Wednesday, September 19, 2007

Advances in technology and integration with homeschooling


As I mentioned in my last post, we are using Classically-based educational methods to homeschool our children, and those methods are generally not in favor of using "screens" of any kind (such as TV, computers, etc.) as significant educational tools. Children absorb and retain more knowledge when they are actively thinking and reasoning (such as what happens when reading a book) rather than passively absorbing information (such as what happens when watching a TV program or movie). Be that as it may, there are definitely still times when we will use TV or computers to enhance educational experiences (not as substitute). There are too many programs that would be beneficial to educating our children to ignore TV, whether they be about saints lives, the Church, history, science, etc. The same goes for the internet, where there is an incredible amount of resources available to enhance education and teach research skills (though a tight reign will be kept on access to the internet, via passwords or other tools, for obvious reasons - in total I think internet is more dangerous to children's innocence and formation than it is helpful, unless proper controls are put in place).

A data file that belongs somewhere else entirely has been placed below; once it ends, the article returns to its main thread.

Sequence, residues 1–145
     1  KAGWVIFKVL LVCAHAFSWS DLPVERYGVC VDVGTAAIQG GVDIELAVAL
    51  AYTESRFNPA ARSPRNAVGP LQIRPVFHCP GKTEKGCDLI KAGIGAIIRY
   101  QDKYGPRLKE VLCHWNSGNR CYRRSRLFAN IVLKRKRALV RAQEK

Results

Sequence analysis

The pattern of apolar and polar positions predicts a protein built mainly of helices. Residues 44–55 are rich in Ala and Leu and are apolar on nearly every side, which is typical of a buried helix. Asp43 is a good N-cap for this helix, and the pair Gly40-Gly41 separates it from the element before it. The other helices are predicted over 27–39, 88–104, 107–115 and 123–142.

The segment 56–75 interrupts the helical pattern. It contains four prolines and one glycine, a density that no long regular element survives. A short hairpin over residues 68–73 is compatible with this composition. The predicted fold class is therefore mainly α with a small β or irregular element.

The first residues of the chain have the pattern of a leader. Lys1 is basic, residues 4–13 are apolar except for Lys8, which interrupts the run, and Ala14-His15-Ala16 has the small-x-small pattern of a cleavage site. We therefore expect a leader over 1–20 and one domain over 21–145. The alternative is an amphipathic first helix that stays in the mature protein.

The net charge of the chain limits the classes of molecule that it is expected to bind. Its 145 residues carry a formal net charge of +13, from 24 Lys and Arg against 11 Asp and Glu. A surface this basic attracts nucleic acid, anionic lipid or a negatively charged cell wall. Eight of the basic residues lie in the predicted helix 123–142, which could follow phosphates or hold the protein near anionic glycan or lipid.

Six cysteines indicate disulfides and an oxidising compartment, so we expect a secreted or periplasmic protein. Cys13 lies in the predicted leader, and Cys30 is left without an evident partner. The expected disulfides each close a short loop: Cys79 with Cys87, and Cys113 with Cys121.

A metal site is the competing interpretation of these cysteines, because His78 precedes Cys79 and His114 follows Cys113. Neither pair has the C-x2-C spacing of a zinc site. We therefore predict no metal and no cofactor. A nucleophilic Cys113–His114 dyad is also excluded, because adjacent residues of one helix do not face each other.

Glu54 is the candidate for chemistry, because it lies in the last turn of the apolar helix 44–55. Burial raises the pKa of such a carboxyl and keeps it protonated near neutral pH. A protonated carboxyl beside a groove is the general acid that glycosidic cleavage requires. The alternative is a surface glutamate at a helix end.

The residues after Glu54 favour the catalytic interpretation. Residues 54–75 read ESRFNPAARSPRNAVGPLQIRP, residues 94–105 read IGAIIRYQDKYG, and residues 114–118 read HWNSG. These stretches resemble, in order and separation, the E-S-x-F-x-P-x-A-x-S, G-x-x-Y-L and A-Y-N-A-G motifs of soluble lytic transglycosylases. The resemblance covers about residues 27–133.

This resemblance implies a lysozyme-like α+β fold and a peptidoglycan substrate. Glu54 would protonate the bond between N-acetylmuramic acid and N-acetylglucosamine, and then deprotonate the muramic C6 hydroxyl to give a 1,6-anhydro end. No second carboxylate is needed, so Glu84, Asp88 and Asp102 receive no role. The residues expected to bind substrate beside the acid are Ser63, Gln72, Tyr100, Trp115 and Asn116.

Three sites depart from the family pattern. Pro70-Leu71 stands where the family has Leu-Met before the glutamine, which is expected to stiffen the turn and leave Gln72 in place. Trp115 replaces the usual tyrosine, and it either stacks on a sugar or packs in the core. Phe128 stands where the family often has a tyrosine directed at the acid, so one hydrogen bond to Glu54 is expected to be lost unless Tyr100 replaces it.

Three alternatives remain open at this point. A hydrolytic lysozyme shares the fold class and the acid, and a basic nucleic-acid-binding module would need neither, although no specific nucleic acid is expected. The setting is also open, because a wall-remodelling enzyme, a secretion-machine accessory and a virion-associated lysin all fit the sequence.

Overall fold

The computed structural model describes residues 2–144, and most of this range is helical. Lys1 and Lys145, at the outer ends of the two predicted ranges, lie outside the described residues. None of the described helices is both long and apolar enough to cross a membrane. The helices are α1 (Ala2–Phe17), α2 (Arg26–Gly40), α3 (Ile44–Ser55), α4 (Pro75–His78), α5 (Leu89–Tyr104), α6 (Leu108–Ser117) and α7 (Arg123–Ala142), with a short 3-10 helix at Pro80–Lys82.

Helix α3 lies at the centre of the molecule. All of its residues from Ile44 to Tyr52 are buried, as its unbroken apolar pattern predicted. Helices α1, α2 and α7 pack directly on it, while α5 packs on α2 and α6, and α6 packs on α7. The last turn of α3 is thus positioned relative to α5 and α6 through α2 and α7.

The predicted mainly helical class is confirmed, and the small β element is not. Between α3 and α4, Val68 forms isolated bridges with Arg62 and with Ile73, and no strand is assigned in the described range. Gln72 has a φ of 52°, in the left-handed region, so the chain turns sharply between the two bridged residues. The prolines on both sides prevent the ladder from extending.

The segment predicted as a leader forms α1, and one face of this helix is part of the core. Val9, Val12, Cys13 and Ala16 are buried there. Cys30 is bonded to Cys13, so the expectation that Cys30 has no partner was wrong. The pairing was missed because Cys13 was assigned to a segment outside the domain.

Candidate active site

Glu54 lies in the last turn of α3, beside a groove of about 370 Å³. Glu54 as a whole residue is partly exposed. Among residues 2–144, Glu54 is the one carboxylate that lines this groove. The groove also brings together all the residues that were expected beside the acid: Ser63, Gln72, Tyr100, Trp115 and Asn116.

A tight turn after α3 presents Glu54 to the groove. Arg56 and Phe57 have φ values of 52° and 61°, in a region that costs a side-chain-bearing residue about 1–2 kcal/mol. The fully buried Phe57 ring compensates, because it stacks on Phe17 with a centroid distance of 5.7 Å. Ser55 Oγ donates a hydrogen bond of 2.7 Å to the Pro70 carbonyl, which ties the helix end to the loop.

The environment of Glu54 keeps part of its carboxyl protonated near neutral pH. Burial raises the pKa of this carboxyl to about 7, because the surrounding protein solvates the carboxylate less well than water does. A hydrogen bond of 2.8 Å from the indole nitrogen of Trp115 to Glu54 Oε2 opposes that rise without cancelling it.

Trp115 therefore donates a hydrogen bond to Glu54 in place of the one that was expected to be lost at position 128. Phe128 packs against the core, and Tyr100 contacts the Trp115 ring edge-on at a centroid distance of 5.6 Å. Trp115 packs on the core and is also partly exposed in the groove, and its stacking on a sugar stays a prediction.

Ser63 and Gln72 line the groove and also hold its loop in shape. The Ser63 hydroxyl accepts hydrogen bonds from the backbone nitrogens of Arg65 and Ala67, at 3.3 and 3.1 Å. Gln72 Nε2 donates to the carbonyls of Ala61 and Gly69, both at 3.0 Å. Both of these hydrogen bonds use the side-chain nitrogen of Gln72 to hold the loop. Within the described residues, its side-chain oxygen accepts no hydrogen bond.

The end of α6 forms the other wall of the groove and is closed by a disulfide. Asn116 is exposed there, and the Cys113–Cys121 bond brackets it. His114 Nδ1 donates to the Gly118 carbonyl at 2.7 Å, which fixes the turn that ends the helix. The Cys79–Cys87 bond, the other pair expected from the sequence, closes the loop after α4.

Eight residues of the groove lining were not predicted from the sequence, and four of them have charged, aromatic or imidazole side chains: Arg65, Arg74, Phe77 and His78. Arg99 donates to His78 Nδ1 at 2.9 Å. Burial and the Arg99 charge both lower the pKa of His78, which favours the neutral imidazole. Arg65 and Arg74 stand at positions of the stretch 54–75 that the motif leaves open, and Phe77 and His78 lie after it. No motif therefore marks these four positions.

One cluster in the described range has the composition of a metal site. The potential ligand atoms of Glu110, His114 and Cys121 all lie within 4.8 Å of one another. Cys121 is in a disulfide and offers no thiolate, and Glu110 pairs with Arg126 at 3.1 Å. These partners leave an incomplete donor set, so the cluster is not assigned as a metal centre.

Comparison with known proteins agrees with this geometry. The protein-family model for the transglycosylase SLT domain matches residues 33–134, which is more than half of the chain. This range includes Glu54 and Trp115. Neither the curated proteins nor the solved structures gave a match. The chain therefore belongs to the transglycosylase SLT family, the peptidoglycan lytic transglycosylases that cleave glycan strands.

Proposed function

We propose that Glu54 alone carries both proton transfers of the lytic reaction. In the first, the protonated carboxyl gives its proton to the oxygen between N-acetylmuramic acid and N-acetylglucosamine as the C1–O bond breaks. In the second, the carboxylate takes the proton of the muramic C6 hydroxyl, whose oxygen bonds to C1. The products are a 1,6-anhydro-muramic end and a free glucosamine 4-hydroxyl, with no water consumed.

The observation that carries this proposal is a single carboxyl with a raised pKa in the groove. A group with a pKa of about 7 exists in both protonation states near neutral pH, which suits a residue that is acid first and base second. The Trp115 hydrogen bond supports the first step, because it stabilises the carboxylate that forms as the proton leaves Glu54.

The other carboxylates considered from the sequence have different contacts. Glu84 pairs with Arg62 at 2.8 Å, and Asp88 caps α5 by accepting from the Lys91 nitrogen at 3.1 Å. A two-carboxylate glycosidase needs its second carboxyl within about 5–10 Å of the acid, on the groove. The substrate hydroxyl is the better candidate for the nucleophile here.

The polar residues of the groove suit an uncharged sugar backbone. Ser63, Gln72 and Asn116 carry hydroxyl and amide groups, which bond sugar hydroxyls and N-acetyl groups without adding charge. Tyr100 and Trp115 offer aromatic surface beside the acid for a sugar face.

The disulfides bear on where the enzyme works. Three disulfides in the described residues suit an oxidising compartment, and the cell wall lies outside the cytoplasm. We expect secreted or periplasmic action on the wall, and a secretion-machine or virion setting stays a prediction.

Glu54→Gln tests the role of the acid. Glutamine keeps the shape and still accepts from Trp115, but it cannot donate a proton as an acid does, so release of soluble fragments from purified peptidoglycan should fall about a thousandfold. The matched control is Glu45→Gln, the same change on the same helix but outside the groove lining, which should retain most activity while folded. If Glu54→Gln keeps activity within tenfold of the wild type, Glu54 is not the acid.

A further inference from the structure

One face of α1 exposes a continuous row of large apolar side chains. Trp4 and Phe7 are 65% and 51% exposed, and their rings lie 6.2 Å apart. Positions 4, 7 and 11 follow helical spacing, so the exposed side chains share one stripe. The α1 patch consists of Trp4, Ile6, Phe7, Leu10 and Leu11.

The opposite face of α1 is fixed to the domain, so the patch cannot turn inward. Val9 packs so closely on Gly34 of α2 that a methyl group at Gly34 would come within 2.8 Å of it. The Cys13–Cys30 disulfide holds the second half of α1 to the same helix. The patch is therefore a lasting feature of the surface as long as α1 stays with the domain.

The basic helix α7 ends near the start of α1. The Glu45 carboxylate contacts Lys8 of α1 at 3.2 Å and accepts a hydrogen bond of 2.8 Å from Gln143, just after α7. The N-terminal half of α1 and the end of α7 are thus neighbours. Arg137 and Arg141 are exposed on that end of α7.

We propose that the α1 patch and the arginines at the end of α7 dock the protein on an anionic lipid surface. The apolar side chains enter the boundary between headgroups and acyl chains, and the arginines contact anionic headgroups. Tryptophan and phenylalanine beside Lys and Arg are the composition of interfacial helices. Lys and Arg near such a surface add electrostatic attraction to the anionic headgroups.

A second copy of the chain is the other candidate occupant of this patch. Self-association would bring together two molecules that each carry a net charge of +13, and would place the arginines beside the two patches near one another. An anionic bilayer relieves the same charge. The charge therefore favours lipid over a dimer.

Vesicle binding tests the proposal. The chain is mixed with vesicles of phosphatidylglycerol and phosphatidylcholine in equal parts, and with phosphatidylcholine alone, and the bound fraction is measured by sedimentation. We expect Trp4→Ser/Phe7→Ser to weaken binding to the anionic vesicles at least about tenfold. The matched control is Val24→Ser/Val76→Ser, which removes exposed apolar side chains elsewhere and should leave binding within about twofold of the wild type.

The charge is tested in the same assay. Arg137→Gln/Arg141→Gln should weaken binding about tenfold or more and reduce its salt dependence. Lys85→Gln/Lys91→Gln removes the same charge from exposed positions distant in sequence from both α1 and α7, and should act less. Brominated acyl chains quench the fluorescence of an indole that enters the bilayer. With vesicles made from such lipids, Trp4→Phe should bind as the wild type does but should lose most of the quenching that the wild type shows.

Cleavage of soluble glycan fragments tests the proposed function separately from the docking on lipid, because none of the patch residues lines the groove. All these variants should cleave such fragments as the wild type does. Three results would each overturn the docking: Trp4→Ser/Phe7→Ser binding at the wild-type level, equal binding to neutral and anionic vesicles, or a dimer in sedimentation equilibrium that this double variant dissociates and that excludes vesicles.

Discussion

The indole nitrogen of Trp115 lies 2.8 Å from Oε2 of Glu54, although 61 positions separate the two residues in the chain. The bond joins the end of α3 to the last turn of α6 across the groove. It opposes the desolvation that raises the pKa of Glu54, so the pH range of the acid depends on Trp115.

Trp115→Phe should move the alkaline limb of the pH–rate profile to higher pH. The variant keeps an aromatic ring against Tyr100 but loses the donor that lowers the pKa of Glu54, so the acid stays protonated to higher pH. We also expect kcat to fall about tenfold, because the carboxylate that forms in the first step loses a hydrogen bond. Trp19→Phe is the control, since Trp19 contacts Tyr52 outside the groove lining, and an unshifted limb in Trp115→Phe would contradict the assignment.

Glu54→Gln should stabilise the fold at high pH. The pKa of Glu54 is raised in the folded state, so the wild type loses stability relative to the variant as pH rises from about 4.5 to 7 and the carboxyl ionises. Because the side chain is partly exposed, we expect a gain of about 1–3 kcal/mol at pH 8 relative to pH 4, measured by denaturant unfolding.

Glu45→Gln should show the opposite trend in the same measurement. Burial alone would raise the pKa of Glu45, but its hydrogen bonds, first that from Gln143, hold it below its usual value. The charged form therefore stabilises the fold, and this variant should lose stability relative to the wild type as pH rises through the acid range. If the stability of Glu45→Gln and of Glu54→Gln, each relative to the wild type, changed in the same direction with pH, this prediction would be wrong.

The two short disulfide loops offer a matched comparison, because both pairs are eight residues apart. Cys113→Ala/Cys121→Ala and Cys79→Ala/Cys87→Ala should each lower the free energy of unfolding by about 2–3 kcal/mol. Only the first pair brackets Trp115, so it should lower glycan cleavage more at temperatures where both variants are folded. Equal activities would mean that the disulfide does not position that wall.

In regard to the internet, the advent of such a ridiculous amount of information placed at the fingertips of any human being with internet access has fundamentally changed education in my opinion. And, it's hard to predict how new technologies and new uses of the internet will alter education in the future. I would love to have a picture of how we will use the internet in our homeschool 10 years from now, just to see how technology has opened up new opportunities. Below is one such example I recently came across. Watch the video and be amazed...

One can only imagine the possibilities for the technology he used to present an entire newspaper on the screen. Whole encyclopedias could be archived this way, not to mention books and other media (much easier to navigate and read than just computerized text on a screen that you have to scroll through, or click through). And regarding the technology applying people's photos on the internet ( of a specific location and creating a virtual 3D space, awesome! You have got to go to the Microsoft Live Labs page and try this out, it's called "Photosynth" (link here). One of their vitual test environments is St. Peter's in Rome! I loaded the software and was navigating around St. Peter's square, with the ability to see small details since each picture is loaded in its entirety (allowing zooming to fine detail). Every one of the tiny white dots below is a picture of an area of St. Peter's square that has been loaded into the environment and can be accessed by just moving the cursor over the dot. Click the picture to enlarge.
And navigation, zooming, loading, is all completely smooth. The applications to schooling in architecture, art, geography, etc. would be endless. Which is why I'm posting about this. Who knows what new technology will come up next year, or the year after that, or 10 years from now that will radically enhance home education? There's no way to plan for it (or design homeschooling areas for it), but its one of the main reasons I want a computer to be available in our home for education.

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